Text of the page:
5. Up front, I’m not sure the Leafs could say they really had any one line going at 5v5. Tavares was their best forward at evens, but the line itself wasn’t as good as it will be once it gets going (Marner was better at 4v5 than 5v5, Hyman missed time with injury in camp).
The Matthews line was lacklustre at even strength — bottom of the team with ~30% possession — as they were pretty casual in possession and didn’t take care of the puck. Obviously, a major component is currently absent there.
Kadri’s effort was good individually, but the line wasn’t clicking and it hasn’t really been a fluid-looking trio outside of one decent preseason game (Brown, in particular, has to start initiating contact more and being more of a presence on the forecheck). The team’s best 5v5 shifts came with Kadri up on the Tavares-Marner line.
6. Best two Leafs tonight: Tavares and Frederik Andersen. The Habs didn’t generate a ton of grade-A chances among their 36 shots, but Andersen was really sharp — economical and quiet, read the play well, didn’t give out many second opportunities. A good start as he looks to buck the October stigma. Unfortunately, the Leafs picked up where they left off in terms of the shot volume against, so it goes without saying that Freddy needs to be good.
7. Criticism of the performance aside, it speaks to the talent on the team that it was pretty much game over once it reached 3-on-3 OT. The gameplan for most teams will be to win the initial draw, slow it down, hold onto possession, and cash in on the first breakdown. The Canadiens did that for a bit when 3-on-3 first started but — after a nice defensive play by Marner on Drouin — the Leafs got possession back, brought on fresh legs with Matthews-Marleau, and the Habs never touched it again before it was in the back of the net in a blink.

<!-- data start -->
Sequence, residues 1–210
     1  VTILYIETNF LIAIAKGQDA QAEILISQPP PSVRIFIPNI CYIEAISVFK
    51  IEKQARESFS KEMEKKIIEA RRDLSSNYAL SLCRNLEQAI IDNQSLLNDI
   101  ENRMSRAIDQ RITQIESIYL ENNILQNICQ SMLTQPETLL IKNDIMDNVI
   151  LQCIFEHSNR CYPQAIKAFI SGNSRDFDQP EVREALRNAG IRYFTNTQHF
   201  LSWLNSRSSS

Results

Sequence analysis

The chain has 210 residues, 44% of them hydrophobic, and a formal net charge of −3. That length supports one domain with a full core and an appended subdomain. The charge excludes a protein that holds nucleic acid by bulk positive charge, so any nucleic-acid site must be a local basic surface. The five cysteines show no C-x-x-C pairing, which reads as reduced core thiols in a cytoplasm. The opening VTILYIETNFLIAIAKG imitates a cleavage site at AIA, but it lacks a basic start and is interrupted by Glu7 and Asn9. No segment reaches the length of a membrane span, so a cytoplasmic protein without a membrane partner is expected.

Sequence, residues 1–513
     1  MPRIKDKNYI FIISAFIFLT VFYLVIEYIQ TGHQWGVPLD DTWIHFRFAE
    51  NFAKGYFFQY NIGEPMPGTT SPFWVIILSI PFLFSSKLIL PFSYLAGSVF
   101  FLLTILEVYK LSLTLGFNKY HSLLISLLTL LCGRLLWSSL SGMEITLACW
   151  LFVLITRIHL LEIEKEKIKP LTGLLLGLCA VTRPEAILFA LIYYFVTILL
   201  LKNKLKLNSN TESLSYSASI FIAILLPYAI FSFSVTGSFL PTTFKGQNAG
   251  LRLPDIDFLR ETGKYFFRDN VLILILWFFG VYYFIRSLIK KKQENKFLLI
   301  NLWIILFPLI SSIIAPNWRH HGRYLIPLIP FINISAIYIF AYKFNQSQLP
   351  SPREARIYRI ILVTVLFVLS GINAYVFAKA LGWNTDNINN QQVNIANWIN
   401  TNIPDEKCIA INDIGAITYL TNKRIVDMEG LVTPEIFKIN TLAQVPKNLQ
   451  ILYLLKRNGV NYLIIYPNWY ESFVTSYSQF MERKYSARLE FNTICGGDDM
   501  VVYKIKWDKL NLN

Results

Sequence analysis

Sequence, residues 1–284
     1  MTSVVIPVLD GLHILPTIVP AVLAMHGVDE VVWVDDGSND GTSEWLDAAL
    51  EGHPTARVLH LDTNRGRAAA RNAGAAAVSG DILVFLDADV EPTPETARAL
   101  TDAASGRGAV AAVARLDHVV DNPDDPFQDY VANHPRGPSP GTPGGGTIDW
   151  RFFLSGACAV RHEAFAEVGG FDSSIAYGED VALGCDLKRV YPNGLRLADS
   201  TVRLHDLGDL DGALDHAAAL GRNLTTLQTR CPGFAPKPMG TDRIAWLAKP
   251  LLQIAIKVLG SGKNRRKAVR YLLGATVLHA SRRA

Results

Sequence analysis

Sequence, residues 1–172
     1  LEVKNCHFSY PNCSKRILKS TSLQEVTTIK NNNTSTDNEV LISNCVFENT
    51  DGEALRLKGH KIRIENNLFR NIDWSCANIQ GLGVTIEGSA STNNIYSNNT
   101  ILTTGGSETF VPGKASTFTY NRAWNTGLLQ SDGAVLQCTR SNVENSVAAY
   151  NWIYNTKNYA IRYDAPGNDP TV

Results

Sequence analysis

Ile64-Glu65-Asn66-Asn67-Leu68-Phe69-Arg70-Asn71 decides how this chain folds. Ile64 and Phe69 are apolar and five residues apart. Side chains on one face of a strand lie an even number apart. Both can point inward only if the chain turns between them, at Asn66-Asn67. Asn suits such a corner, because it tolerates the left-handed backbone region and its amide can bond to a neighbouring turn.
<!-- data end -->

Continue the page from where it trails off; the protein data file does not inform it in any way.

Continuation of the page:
8. Here was the even strength ice time splits for Tavares, Matthews and Kadri in game one: 13:55, 14:08, and 13:44 respectively. Last season’s averages: 15:12 (in NY), 15:57, and 14:40. That’s about three Babcock shifts fewer for Tavares, four fewer for Matthews, and one and a half fewer for Kadri, who Babcock worked onto the Tavares-Marner line a couple of times. Going to be interesting to monitor throughout the year.
9. This is a Habs team that has been hardworking and structured through preseason and into tonight, and Claude Julien seems to be getting more than the sum of the parts early (particularly on the blue line), but ultimately, this isn’t a good or particularly heavy Habs team that just out-possessed the Leafs handily. As Babcock put it, there is hopefully a message to be taken away from this. Of note: The Leafs will play against Washington, St. Louis, LA, and Winnipeg x2 all in a six-game span between Oct. 13-27. Lots of good, heavier cycle teams are coming up that should be a good test for the Leafs early in the year. I’m betting Babcock doesn’t hate how the schedule breaks down there.
Mike Babcock after the Leafs' 3-2 win over Montreal to start the season: "We have to play way harder and way better than we did tonight"
Full post-game remarks: https://t.co/h8JC5NZgIt
— MLHS (@LeafsNews) October 4, 2018
The Leafs are going to be able to beat a lot of teams with their B/C game this season. That shouldn’t be taken for granted; great teams need to be able to do that at times over a long season. The challenge for Babcock is getting the A game out of them more often than not. If this game was any indication, the Leafs are going to be on the receiving end of other team’s best efforts often this year.
Game Flow: 5v5 Shot Attempts